puppy chew mike spasoffBy Laurie Darroch

Puppies can be very oral and destructive with their incessant need to chew. They are exploring the world around them. By the process of elimination and training, they learn what is edible and what isn’t acceptable for chewing. It is a constant learning process that takes supervision from their human companions and behavior modification training to keep them from chewing and destroying things that are valuable to you or dangerous for them.

“Puppy Proof” Your Home

The easiest way to help keep your pup from chewing things you don’t want destroyed is to puppy proof your home. Look around the house, think like your puppy and move anything that might look tempting to them. Put it out of their reach. That way there is no issue to begin with instead of getting frustrated or angry when they damage something within their reach that looks intriguing to chew.

Not only are valuables important to move in order to prevent your puppy from destroying them, breakable things or potentially poisonous items can be a health hazard for your puppy. Puppies have no idea what is dangerous for them to chew. As a responsible pet owner, it is one of your responsibilities to make their environment safe for them.

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How Dogs Express Their Feelings and Needs

dogs express meredithBy Laurie Darroch

Although dogs do not speak the way humans do, they have no problem expressing their feelings and needs in other ways. Their emotions are simpler than those of their human companions. Understanding them is a matter of paying attention, training and getting to know your dog in order to comprehend what they are trying to tell us with any particular action or behavior.

Much of a dog’s behavior is based on instinct and not necessarily feeling in the way we think of it as humans. Ask anyone who loves a dog though, and they can tell you instances of their dog exhibiting what seems like almost human behavior and definite emotion, but it is different than ours. Dogs are very good communicators when we take the time to understand what they are saying to us in their own way.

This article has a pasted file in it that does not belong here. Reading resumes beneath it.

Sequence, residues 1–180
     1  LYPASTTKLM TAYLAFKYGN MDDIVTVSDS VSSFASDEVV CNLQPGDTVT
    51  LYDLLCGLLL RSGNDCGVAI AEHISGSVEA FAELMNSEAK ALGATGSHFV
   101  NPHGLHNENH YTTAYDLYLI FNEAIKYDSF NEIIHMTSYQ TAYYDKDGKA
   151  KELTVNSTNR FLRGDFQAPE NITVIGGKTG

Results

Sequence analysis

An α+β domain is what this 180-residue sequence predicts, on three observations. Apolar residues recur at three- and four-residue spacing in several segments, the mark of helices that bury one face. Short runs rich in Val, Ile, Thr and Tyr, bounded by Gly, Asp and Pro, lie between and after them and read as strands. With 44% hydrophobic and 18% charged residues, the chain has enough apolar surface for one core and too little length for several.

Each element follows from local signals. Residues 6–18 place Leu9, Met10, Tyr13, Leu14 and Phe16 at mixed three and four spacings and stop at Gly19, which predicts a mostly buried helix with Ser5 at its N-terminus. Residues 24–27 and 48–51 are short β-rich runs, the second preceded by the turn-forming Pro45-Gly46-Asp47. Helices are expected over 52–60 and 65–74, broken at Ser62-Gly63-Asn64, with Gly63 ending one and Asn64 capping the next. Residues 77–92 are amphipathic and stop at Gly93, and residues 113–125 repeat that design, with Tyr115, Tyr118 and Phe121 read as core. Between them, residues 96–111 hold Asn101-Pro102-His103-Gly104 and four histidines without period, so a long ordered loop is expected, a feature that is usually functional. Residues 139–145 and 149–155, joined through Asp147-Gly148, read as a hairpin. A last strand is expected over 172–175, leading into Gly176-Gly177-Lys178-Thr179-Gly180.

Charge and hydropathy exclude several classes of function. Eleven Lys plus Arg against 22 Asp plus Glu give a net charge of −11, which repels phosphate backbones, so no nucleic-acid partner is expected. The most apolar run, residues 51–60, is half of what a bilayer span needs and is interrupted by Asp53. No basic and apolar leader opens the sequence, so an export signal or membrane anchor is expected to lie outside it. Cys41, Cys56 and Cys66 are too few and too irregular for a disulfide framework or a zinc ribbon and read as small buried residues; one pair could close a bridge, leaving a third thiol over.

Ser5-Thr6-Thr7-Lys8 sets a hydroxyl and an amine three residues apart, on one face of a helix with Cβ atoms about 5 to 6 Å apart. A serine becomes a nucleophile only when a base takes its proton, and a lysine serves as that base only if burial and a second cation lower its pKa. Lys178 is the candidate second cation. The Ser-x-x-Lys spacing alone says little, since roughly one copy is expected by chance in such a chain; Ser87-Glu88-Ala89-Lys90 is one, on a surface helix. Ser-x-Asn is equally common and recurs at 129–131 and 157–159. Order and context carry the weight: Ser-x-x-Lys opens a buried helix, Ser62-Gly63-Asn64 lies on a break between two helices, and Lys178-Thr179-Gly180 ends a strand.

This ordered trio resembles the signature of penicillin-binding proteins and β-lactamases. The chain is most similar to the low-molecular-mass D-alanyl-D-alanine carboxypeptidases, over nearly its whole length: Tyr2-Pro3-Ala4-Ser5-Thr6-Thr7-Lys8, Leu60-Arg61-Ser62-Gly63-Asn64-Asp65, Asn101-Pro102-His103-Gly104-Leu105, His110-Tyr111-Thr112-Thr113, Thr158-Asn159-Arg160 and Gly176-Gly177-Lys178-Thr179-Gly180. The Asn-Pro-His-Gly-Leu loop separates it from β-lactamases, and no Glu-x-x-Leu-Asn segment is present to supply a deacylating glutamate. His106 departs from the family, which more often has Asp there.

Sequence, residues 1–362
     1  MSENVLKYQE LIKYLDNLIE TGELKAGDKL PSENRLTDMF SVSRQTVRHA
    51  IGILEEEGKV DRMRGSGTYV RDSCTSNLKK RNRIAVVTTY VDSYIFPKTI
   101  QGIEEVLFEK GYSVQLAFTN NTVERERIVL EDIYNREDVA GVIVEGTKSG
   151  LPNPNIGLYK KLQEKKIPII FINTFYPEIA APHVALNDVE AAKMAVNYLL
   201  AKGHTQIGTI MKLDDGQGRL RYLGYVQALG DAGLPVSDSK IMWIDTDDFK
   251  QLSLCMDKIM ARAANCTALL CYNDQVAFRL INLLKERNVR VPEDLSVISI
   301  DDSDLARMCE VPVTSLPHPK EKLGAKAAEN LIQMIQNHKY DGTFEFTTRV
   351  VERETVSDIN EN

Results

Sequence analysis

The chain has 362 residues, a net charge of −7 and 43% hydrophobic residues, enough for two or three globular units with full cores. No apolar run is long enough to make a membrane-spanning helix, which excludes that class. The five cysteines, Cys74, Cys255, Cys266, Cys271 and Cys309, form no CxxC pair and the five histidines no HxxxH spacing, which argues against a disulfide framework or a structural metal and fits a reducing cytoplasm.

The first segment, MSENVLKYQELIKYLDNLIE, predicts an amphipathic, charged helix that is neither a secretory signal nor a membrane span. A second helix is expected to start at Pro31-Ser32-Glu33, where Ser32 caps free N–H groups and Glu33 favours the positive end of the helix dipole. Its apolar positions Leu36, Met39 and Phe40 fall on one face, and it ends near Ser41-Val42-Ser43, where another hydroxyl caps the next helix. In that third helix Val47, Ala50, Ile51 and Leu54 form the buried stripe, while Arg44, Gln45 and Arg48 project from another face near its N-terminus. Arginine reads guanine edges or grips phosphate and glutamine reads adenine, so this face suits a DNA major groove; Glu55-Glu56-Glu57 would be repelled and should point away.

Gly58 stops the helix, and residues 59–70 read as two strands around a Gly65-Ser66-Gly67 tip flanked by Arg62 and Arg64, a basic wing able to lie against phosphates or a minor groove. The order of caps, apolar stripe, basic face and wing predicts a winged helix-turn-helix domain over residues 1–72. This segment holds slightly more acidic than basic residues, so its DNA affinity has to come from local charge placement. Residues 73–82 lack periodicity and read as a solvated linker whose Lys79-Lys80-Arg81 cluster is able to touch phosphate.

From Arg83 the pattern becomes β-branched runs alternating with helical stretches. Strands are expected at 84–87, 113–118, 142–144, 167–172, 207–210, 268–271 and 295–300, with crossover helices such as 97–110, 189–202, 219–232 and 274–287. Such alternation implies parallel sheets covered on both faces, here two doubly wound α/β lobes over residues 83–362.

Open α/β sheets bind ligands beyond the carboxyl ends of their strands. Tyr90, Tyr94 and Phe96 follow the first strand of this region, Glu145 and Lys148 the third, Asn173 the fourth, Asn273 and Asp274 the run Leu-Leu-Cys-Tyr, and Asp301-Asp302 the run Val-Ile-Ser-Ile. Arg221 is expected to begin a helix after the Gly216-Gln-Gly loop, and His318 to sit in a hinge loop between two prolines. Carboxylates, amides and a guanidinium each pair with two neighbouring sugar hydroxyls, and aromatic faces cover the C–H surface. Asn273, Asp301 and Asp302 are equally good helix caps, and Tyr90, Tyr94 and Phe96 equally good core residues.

Body Language

Body language is a more subtle way of communicating, but everything from the position of your dog’s ears, what they are doing with their tail, their body stance, or their eyes can relay feeling and need depending on what they are doing.

A frightened dog or one who has done something they know is wrong may tuck their tail between their legs in submission. An angry dog might put his ears back and exhibit an in-your-face offensive stance. A relaxed, happy, secure or submissive dog may roll on his back exposing his belly to you. A hungry dog might pace back and forth, or anxiously stand or sit near their bowl. Eye contact or lack of it can be a challenge or sign of submission or respect. A dog’s body language communicates a great deal of what they are feeling.
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Body Language and Behavior Signs That Show Fear in Dogs

fear WonderBy Laurie Darroch

Since dogs cannot communicate the way humans do, they let us know how they are feeling through body language and their own style of vocalizations. If you learn the cues your dog gives, behavior during situations they see as fearful or threatening may be more easily understood and dealt with.

Barking or Whimpering

Excessive barking or constant whimpering is one way a dog shows fear. What may be misconstrued as the dog misbehaving may merely be an expression of fear at the appearance of a stranger, being in new surroundings, experiencing pain or an injury, or the presence of something new and unknown in their territory. If you help your dog understand that whatever is upsetting them is something you can assist them with, your dog will calm down. Barking and whimpering are not just signs of a dog being territorial, angry or even excited and happy. They may be feeling fearful, and looking to you for reassurance and a solution.

Running Around or Pacing

If you have ever felt anxious about something in your own life, and pacing or walking around seemed to help release some of the tension caused by that fear, that is how a dog feels too. Dogs worry in their own way when they are scared or unsure of a situation. When your dog won’t sit still or paces nervously, pay attention. They may be telling you they are frightened about something. Working together, you can help your four legged companion through the situation.